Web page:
My apartment complex is reaching 100 years old. Do you know what that means? Concrete walls, steam heat, and no bathroom fan.
While I can live with—and even enjoy—the first two features, the last one kind of irks me. In the top left corner of my bathroom, there’s a small vent—connected to all the other bathrooms above and below me, mind you—that’s supposed to suck moisture out, but it just doesn’t seem sufficient. Plus, it’s open to everyone else’s bathroom, so plenty of unappreciated odors and sounds loft up from below.
It’s not likely—or even possible—that my landlord will install a ventilation system in our bathrooms, but most homebuilders would recommend it. If you’re lucky enough to have control over your bathroom amenities, here are a few ventilation tips:
- Most bathrooms in modern homes NEED a ventilation system. Today’s homes are built to be airtight, so forgoing a bathroom fan will only leave you with stagnant air and foggy mirrors. Over time, that built-up moisture will cause mold, mildew, and even health problems.
- Before purchasing a fan, you must know your bathroom’s measurements. Ventilation systems are rated in cubic feet per minute (CFM). The basic standard for a bathroom ventilation fan is that it must be able to change the room air eight times in an hour. In a typical bathroom with eight-foot ceilings, this means you’ll need one CFM per one square foot of bathroom space. If your bathroom measures 100 square feet, you’ll need a fan rated 100 CFM.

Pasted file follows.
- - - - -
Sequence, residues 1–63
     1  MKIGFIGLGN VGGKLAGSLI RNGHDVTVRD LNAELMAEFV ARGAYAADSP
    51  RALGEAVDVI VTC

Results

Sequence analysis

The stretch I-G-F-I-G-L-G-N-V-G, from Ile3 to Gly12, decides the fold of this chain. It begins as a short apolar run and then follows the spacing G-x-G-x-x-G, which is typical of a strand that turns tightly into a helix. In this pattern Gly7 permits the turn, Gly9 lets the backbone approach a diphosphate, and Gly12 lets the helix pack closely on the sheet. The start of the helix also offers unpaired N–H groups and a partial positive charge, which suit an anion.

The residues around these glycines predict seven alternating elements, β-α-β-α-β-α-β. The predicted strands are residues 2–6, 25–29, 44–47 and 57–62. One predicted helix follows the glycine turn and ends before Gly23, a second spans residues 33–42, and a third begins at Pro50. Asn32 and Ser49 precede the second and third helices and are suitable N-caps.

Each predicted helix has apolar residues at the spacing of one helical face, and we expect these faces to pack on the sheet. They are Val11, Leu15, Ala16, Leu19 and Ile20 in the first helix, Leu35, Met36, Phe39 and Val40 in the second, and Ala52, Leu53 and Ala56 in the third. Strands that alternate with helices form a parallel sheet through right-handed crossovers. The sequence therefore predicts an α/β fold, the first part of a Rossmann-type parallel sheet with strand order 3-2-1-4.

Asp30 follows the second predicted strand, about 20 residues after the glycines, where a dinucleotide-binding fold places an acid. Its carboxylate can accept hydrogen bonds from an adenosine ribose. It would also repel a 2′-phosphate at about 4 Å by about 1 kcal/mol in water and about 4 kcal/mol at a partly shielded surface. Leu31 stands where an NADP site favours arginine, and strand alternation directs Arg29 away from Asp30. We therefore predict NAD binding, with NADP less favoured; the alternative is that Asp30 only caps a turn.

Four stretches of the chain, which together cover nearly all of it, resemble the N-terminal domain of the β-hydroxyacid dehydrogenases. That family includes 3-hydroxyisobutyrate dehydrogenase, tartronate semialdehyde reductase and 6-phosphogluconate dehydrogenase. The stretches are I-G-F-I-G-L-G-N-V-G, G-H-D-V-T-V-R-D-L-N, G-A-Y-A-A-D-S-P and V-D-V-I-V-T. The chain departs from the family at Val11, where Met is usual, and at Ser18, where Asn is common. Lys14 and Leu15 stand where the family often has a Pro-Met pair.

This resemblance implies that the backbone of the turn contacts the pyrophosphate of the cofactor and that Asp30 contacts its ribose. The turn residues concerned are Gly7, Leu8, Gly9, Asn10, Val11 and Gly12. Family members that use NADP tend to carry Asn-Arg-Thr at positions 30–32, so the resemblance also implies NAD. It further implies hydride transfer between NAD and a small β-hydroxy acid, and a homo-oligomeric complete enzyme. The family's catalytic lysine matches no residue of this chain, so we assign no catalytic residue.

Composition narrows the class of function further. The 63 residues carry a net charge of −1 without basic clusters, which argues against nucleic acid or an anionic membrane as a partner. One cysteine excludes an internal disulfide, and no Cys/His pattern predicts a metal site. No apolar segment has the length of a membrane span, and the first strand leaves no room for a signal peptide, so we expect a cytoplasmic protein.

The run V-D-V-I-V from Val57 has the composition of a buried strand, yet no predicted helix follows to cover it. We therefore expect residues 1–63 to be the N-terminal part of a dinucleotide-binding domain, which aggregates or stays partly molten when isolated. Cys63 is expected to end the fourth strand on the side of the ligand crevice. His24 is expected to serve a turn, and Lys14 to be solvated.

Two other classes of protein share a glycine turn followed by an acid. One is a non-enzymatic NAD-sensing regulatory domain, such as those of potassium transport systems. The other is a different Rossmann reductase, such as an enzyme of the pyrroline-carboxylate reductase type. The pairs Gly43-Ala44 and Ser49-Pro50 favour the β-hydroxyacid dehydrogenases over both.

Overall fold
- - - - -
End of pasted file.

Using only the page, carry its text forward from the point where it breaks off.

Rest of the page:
- Bathroom fans are also rate in sones for their noise level. The lower the number, the quieter they sound. And trust me, in order to get the most from your fan and use it as often as necessary, you should pay for the quieter model. Anything above a two is likely too noisy for the typical bathroom.
- A bathroom fan doesn’t have to be an eyesore! This article from Apartment Therapy proves it.
- Ready to install a fan? This article from This Old House can show you how to do it yourself.
If you’re like me—stuck with no fan and no chance of installing one—you’re not completely out of luck. There are still precautions you can take to prevent mold and mildew and keep your bathroom smelling fresh.
Leave the door open while showering and open any nearby windows if possible. Place an oscillation fan in the doorway facing outward to suck that moisture out of the bathroom and through the rest of your home or apartment. And clean your bathroom regularly to tackle any mold or mildew before it gets out of hand.
The Home Know-It-All